I guess traditionally when you think about TV shows, if there’s any kind of happiness or profound peace, it’s like, “Why do we want to tune in anymore?” Everyone kinda wants to see… or laugh at other people’s problems or feel connected to them and be able to laugh at themselves through that.
We’ve seen a bigger role for the rehab group this season, and it’s allowed the show to become more of an ensemble than it had been. Can you tell me about the group dynamic?
I think it’s basically two families going on in this show. There’s the blood family (Bonnie, Christy, Roscoe, and Sadie, and Matt Jones) — that nucleus family, then there’s the family in the recovery world. I think it’s wonderful that Chuck and the writers have given us these new wonderful female characters to bond with, because I think, in the recovery world sometimes, that family is just as important in helping you get through life as an addict or a recovering alcoholic. And the women that they brought to us are so wonderfully different, and it’s a great thing about having a show about recovery because it’s a great equalizer. It allows for someone like Jaime Pressly’s character, Jill, who’s incredibly wealthy and spoiled, to be in the same room as Christy, who has no money and is downtrodden. And then Mimi Kennedy’s character and all the different women from all different walks of life, and the only thing that unifies us is that we are all in this struggle together, to be in recovery.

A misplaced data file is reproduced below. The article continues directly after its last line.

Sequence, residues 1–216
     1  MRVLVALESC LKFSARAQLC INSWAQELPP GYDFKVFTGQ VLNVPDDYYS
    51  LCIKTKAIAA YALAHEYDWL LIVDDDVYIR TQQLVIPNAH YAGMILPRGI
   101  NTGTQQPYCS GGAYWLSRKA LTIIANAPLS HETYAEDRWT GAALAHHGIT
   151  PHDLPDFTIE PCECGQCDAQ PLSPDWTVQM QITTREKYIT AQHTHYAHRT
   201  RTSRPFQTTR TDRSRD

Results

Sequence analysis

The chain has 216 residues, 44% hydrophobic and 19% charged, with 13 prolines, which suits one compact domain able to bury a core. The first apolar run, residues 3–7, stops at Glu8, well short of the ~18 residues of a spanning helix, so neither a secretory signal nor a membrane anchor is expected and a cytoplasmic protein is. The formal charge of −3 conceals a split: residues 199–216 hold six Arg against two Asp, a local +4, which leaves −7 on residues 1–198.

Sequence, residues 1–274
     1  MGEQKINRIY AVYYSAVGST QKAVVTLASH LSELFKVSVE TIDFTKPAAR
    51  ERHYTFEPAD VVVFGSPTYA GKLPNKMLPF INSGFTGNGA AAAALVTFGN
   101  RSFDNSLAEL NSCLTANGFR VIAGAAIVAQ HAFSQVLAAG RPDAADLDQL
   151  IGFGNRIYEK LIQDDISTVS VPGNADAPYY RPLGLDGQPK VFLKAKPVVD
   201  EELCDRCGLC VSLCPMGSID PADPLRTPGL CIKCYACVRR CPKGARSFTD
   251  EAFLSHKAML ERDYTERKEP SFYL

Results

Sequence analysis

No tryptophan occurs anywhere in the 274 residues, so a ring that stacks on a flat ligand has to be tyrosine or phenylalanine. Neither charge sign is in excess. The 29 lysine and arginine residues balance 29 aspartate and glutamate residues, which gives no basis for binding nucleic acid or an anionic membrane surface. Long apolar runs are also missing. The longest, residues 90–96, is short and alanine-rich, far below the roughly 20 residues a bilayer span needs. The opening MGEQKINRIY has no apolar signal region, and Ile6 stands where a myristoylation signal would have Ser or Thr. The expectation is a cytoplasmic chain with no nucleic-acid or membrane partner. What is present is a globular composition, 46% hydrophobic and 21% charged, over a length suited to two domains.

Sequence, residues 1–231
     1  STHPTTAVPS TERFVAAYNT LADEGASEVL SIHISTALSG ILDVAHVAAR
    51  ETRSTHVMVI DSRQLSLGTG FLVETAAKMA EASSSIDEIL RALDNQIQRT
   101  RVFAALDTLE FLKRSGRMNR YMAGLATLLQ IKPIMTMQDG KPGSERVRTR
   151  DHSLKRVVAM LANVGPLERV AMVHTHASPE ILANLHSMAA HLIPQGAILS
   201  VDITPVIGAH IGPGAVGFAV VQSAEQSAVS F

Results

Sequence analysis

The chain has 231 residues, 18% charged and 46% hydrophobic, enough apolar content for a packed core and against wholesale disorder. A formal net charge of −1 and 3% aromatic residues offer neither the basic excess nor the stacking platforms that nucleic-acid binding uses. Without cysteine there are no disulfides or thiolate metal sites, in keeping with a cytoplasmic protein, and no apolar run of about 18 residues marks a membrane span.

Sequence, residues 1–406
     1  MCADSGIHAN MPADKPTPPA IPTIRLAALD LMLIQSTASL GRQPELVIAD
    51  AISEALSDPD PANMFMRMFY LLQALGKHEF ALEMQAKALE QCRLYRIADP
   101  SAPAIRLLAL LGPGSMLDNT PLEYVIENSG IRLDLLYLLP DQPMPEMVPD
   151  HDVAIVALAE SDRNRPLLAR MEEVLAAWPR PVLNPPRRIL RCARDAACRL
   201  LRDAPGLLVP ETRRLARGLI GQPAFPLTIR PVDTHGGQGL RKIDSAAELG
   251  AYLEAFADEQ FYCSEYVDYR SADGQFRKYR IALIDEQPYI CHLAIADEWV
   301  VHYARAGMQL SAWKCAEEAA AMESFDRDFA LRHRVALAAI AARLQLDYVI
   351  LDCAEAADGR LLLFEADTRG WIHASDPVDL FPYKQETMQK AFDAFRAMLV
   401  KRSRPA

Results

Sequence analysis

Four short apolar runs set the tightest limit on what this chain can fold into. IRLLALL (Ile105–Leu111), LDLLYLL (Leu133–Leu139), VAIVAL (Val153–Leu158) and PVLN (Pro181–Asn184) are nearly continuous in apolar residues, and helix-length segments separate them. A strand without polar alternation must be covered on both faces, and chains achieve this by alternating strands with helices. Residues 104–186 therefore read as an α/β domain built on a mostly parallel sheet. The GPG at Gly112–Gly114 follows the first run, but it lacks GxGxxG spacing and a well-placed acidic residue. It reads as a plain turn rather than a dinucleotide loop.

It’s been really rewarding to work with all these great actresses. We get some great males, too, but primarily the recovery community for these two women is mostly women. I love that the show has opened up like that, and brought in these great characters and these great actresses. It’s a lot of fun.
The show does such a good job of tackling real issues. We’re seeing another era where TV sitcoms — Black-ish is one, The Carmichael Show — are actually tackling real issues after a period of time where that wasn’t done. Why do you think we’re seeing that kind of increase?